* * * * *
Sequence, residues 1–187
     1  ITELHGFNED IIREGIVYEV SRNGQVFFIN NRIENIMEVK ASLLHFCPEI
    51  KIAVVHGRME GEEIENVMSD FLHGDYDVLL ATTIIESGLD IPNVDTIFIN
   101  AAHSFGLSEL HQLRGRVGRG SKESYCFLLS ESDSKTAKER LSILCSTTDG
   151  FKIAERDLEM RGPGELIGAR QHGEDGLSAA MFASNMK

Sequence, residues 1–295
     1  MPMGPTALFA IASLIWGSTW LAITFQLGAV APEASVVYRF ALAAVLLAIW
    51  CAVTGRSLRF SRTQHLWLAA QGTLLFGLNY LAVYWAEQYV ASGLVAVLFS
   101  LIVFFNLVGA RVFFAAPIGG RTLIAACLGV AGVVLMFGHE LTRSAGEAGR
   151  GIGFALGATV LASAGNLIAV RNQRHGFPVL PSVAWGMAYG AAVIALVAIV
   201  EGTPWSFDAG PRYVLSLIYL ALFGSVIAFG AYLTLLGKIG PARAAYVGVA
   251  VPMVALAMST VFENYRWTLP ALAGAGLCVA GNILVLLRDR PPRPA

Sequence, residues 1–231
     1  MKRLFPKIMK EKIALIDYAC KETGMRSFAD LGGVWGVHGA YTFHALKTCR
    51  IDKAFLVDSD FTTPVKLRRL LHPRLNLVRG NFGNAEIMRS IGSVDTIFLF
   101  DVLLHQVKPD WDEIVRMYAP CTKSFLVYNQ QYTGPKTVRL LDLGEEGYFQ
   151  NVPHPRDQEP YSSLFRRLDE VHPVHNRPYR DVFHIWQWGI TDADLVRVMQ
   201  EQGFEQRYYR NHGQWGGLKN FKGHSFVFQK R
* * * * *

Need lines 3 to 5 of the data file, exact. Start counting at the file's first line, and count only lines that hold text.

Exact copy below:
    51  KIAVVHGRME GEEIENVMSD FLHGDYDVLL ATTIIESGLD IPNVDTIFIN
   101  AAHSFGLSEL HQLRGRVGRG SKESYCFLLS ESDSKTAKER LSILCSTTDG
   151  FKIAERDLEM RGPGELIGAR QHGEDGLSAA MFASNMK